Any camera decision will naturally be influenced heavily by the price. The retail prices at the time of the camera’s release place the model in the market relative to other models in the producer’s line-up and the competition. The E-500 was launched at a markedly lower price (by 89 percent) than the M8, which puts it into a different market segment. Normally, street prices remain initially close to the MSRP, but after a couple of months, the first discounts appear. Later in the product cycle and, in particular, when the replacement model is about to appear, further discounting and stock clearance sales often push the camera price considerably down. Then, after the new model is out, very good deals can frequently be found on the pre-owned market.
The imaging sensor is at the core of digital cameras and its size is one of the main determining factors of image quality. A large sensor will tend to have larger individual pixels that provide better low-light sensitivity, wider dynamic range, and richer color-depth than smaller pixel-units in a sensor of the same technological generation. Further, a large sensor camera will give the photographer additional creative options when using shallow depth-of-field to isolate a subject from its background. On the downside, larger sensors are more costly to manufacture and tend to lead to bigger and heavier cameras and lenses.
Of the two cameras under consideration, the Leica M8 features an APS-H sensor and the Olympus E-500 a Four Thirds sensor. The sensor area in the E-500 is 54 percent smaller. As a result of these sensor size differences, the cameras have a format factor of, respectively, 1.3 and 2.0. The sensor in the M8 has a native 3:2 aspect ratio, while the one in the E-500 offers a 4:3 aspect.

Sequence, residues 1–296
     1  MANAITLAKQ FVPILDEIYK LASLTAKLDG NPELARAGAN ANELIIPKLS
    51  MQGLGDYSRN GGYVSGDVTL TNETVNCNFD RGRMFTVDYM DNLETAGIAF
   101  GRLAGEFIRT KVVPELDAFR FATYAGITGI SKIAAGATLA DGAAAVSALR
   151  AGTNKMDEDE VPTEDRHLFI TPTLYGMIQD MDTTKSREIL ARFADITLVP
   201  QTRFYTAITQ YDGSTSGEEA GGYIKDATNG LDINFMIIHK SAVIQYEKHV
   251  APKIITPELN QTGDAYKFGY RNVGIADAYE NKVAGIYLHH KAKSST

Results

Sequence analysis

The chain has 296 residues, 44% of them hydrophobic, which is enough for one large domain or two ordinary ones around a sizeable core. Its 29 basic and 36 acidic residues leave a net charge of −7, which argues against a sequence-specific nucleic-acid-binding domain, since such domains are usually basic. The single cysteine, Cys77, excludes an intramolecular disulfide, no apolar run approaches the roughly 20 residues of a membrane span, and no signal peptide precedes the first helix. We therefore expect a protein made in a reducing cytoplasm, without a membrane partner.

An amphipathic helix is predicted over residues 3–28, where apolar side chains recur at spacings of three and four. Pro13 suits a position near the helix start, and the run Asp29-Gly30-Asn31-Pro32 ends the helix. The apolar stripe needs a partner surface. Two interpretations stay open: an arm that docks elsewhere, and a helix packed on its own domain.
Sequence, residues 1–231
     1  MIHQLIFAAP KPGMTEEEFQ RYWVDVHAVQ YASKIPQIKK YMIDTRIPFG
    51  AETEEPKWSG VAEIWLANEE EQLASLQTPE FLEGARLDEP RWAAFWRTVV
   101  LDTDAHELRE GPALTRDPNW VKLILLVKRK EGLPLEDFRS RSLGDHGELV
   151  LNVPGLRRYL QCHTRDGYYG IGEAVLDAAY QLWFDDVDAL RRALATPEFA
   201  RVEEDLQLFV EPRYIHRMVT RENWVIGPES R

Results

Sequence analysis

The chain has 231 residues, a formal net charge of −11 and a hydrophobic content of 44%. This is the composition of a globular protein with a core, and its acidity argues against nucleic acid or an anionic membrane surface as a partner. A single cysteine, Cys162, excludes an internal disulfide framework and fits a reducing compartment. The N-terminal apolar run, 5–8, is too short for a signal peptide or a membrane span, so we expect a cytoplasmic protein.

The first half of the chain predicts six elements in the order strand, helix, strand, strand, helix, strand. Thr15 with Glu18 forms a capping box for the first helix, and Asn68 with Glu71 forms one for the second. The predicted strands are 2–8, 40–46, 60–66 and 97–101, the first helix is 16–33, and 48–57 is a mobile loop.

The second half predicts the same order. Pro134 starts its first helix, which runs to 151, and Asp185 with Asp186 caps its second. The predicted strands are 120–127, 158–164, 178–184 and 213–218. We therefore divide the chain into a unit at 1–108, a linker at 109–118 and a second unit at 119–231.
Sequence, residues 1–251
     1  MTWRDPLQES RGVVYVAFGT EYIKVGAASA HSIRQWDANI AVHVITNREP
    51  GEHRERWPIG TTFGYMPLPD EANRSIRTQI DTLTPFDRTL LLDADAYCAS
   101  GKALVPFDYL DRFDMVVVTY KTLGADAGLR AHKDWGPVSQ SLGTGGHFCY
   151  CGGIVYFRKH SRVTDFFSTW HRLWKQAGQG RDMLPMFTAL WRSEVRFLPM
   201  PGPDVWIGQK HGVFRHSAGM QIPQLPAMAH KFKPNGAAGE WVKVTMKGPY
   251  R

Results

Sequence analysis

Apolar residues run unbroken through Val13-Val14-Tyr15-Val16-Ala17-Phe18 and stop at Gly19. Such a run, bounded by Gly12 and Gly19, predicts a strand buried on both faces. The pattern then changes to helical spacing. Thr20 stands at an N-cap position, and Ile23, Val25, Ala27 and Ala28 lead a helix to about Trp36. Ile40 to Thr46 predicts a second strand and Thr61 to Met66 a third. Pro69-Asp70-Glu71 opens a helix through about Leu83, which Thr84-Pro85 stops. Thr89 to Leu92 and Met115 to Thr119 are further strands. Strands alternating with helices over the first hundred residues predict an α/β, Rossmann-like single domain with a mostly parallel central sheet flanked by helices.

Technology-wise, both cameras are equipped with CCD (Charged Coupled Device) sensors.
With 10.4MP, the M8 offers a higher resolution than the E-500 (8MP), but the M8 nevertheless has larger individual pixels (pixel pitch of 6.84μm versus 5.30μm for the E-500) due to its larger sensor. Moreover, the M8 is a somewhat more recent model (by 11 months) than the E-500, and its sensor might have benefitted from technological advances during this time that further enhance the light gathering capacity of its pixels. Coming back to sensor resolution, it should be mentioned that the M8 has no anti-alias filter installed, so that it can capture all the detail its sensor resolves.
The resolution advantage of the Leica M8 implies greater flexibility for cropping images or the possibility to print larger pictures. The maximum print size of the M8 for good quality output (200 dots per inch) amounts to 19.7 x 13.2 inches or 50 x 33.4 cm, for very good quality (250 dpi) 15.7 x 10.5 inches or 40 x 26.7 cm, and for excellent quality (300 dpi) 13.1 x 8.8 inches or 33.3 x 22.3 cm. The corresponding values for the Olympus E-500 are 16.3 x 12.2 inches or 41.5 x 31.1 cm for good quality, 13.1 x 9.8 inches or 33.2 x 24.9 cm for very good quality, and 10.9 x 8.2 inches or 27.6 x 20.7 cm for excellent quality prints.
The Leica M8 has a native sensitivity range from ISO 160 to ISO 2500. The corresponding ISO settings for the Olympus Evolt E-500 are ISO 100 to ISO 400, with the possibility to increase the ISO range to 100-1600.
Consistent information on actual sensor performance is available from DXO Mark for many cameras. This service assesses and scores the color depth ("DXO Portrait"), dynamic range ("DXO Landscape"), and low-light sensitivity ("DXO Sports") of camera sensors, and also publishes an overall camera score. The adjacent table reports on the physical sensor characteristics and the outcomes of the DXO sensor quality tests for a sample of comparator-cameras.
|Olympus E-500||Four Thirds||8.0||3264||2448||none||..||..||..||..|
|Leica M10||Full Frame||23.8||5952||3992||none||24.4||13.2||2133||86|
|Leica M Typ 262||Full Frame||23.7||5952||3976||none||..||..||..||..|
|Leica M9||Full Frame||18.1||5212||3472||none||22.5||11.7||884||69|
|Olympus E-410||Four Thirds||10.0||3648||2736||none||21.1||10.0||494||51|
|Olympus E-510||Four Thirds||10.0||3648||2736||none||21.2||10.0||442||52|
|Olympus E-330||Four Thirds||7.4||3136||2352||none||..||..||..||..|
|Olympus E-400||Four Thirds||10.0||3648||2736||none||..||..||..||..|
|Olympus E-300||Four Thirds||8.0||3264||2448||none||..||..||..||..|
|Panasonic L10||Four Thirds||10.0||3648||2736||none||21.3||10.8||429||55|